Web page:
acres, the same for all.
IMPROVING THE LAND
A tent was set up to live in. It was small
with boards around the bottom, dirt banked around them. The tent kept us
very warm. This was in September. Dad immediately built a one room house;
then he started hewing logs for a house. He and Mother, with an axe,
crosscut saw wedges, hammers and chisels got enough logs hewed by spring
to build a two-story house. [It remains there, to this day.]
He didn't like the first location so he
moved to a new location north of the north branch of 4-D creek. He moved
the one room house for a smoke house, where he cured all our meat he
butchered when the weather was cold enough.
Next, came the getting the land ready. It
had never been broke [plowed.] A plow was used for turning sod, made for
that purpose. It was called a sod plow. The sod was turned about four or
five inches deep and about twelve or fourteen inches wide. This sod was
used to build homes. Dad built our chicken house of sod. Sod crops were:
corn, caffer, watermelons, cantaloupe, muskmelons. The crops were real-
fine. The next year the farming of the new land was done with turning
plows, cultivators, planters, go-devils, etc.
For the first crop with the sod plow, Dad
turned the sod and Mother and I followed behind and dropped the grain in
the furrow. When he came around the second time it would cover the already
planted seed and make a new furrow where we would plant the next row, and
so on, until all was done. The crops after the first year were: wheat,
corn, caffer, oats, castor beans and cotton. We found out it was too cold
there for cotton. Castor beans were too poisonous to work with by hand so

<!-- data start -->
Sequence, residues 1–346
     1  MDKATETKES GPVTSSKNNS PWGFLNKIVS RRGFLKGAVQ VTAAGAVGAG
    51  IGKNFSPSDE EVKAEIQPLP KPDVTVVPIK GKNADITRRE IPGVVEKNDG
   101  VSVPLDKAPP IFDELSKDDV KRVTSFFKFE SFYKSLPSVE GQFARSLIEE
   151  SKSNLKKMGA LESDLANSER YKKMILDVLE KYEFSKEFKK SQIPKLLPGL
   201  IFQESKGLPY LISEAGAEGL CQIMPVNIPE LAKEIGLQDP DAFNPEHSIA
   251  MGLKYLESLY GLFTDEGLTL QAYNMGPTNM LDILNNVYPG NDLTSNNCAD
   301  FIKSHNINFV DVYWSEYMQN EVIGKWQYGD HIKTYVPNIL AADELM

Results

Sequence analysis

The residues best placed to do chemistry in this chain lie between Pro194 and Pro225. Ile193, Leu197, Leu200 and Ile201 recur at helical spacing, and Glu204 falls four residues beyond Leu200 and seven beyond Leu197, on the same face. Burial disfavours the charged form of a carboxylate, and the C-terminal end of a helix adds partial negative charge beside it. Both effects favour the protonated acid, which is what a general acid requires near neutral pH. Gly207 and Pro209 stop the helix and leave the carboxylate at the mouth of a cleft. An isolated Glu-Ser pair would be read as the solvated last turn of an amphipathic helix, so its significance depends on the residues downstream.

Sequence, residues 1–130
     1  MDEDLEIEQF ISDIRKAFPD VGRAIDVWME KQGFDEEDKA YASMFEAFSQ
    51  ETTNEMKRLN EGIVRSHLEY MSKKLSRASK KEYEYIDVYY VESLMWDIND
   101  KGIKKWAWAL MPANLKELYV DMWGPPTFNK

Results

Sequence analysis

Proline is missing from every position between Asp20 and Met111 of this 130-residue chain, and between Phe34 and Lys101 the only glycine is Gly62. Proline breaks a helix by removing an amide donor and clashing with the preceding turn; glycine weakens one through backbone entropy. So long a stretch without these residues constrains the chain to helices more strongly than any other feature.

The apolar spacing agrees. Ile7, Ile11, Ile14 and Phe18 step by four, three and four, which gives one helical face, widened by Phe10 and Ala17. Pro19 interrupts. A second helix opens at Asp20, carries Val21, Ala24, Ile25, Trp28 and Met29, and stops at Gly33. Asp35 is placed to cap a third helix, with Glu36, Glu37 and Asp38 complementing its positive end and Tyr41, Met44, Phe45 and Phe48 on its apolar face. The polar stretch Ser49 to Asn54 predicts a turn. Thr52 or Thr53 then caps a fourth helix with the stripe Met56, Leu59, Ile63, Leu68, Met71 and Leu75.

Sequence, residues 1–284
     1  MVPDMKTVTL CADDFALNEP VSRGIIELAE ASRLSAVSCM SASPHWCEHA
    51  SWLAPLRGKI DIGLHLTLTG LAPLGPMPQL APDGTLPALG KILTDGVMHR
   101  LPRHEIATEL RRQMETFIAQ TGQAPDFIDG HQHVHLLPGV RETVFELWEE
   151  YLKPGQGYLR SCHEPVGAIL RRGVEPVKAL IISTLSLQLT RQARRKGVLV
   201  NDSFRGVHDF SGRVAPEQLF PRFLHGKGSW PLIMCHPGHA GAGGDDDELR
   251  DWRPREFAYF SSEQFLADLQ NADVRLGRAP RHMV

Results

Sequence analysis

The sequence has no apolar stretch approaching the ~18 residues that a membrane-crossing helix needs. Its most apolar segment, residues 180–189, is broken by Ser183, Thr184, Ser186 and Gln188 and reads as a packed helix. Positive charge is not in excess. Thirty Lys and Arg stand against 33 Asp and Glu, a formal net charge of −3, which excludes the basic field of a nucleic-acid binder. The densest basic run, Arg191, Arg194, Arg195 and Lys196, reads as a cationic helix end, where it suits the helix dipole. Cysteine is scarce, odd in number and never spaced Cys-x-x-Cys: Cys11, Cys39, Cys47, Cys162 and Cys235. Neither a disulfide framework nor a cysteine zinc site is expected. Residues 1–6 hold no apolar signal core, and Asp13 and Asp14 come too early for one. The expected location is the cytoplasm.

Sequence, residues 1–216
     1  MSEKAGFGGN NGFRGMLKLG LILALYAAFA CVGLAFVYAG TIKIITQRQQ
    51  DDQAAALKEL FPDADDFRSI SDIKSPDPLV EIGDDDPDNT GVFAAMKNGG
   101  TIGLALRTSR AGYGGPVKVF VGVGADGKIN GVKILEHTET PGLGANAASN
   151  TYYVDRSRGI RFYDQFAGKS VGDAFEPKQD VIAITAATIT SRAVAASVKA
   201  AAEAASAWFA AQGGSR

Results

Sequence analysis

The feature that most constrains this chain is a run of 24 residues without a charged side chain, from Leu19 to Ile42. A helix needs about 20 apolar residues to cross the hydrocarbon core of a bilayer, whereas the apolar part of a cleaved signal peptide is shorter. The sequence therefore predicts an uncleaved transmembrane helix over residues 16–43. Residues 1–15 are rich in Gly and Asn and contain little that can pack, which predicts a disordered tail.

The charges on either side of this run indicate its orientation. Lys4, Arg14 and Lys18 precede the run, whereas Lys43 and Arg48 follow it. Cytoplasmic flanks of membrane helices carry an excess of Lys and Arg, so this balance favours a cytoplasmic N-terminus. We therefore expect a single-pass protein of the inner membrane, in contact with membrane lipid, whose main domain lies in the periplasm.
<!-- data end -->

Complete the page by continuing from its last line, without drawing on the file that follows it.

Dad discontinued them. We lived on the homestead until we proved it up.
This was seven years.
There were no church buildings. Our first
school house was a half dugout. A frame building was built where we had
school, church and Sunday school. There was singing in the afternoon.
Literacy was on Saturday night when children sang gave speeches, plays,
For entertainment in those early days there
was picnics, parties and dances. My mother and my father both played the
violin. Mother's two brothers, John and Bill Collins, were both violin
players also. When the young people wanted to dance, they would all get
together and come to our house. So many times, when Mother and Dad came in
from the fields from work of evening and the young folkswould be waiting
for them. Then, when Easter or the fourth of July or any tine they chose
to, they would gather together for a big dinner. Swings would be put up.
There were ball games, races and so on. Everyone would come from far and
near. They would spread dinners on the ground and everyone helped
themselves. we had a big grove of trees in the forks of the river and this
is where the people all came for picnics.